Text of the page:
Twice the work in half the time: EU calls for 90% cut of GHG emissions by 2040

The European Commission set an intermediate step on the path to 2050 climate neutrality. An incredibly detailed impact assessment explains how member states would concretely reach this ambitious goal.

On February 6th, the European Commission published a detailed impact assessment outlining possible pathways to reach the agreed goal of making the European Union climate neutral by 2050. Based on this assessment, the Commission recommended a 90% net greenhouse gas emissions reduction by 2040 compared to 1990 levels. A legislative proposal will be presented by the next Commission, after the European elections at the end of June, and has to be agreed with the European Parliament and member states. The recommendation, indeed, states that its purpose is to launch the political debate.

The document is required under the European climate law and aligns with the EU’s commitments under the Paris Agreement. Thus, it does not propose new policy measures or set new sector-specific targets: instead, it is an interim target on the way towards the EU’s wider goal of achieving a net-zero emissions economy by 2050. This target follows the EU’s existing target of cutting emissions by at least 55% by 2030.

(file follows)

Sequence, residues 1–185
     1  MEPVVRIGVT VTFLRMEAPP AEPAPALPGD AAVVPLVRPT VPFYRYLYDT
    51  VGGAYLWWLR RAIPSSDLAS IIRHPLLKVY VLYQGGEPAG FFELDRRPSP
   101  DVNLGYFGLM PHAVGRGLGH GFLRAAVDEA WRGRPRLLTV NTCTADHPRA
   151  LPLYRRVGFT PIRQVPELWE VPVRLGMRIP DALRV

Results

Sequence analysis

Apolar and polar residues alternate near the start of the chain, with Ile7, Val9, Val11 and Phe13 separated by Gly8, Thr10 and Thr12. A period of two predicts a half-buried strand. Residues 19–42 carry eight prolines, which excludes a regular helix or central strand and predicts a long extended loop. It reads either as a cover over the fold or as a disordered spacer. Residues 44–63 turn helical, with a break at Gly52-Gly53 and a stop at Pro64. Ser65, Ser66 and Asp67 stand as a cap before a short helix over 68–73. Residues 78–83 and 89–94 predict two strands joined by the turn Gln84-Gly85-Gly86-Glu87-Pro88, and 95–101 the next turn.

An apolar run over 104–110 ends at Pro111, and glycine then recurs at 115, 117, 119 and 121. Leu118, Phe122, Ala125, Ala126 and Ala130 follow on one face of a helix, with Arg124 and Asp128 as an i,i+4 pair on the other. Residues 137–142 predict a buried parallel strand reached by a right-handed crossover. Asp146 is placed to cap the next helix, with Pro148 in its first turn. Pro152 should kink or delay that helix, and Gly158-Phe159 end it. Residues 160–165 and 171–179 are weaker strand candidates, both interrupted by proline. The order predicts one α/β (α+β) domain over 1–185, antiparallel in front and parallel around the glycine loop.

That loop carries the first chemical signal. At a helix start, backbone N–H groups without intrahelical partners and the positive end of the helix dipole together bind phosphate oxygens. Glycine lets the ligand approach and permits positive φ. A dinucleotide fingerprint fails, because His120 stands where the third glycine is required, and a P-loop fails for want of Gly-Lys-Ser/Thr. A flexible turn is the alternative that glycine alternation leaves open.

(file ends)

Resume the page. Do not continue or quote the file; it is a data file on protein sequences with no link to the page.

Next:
“The document is very well done and consists of 800 pages, of which the first 200 are really significant. Not even the IPCC has ever produced such an accurate cost-benefit analysis of a climate objective, supported by unprecedented policy detail” said Carlo Carraro, president emeritus and professor of Economics at Ca’ Foscari University of Venice, and member of the Strategic Board of the CMCC, during a webinar organized by the Italian think tank ECCO.

The overarching recommendation from the Commission is based on an assessment of three options for the 2040 target: an “up to” 80% emissions reduction, an 85-90% reduction and a 90-95% reduction. The proposed target is at the bottom end of the 90-95% option that the European Scientific Advisory Board on Climate Change recommended in June 2023 as essential for mitigating climate risks and achieving a sustainable future.

“Considering the international scenario, the scientific committee had suggested even more ambitious levels: other countries, for historical reasons, will cut less emissions than expected. For this reason, the EU and the US should do more in the reduction of carbon emissions” Carraro said, adding “the analysis shows that the benefits of a policy of this kind exceed the costs, even at a macro level, i.e. the level of GDP that would be lost and gained”.

Carbon capture is one of the most sensitive areas of the document: while all three targets require similar levels of investment, the 90-95% option relies more on novel low-carbon technologies, as underlined by CarbonBrief journalists. The Commission highlights that the already adopted policies, which will be fully implemented by 2026, will lead to an emission reduction of 88%. The additional 2% should be achieved essentially through an increase in capture, store and use of CO2.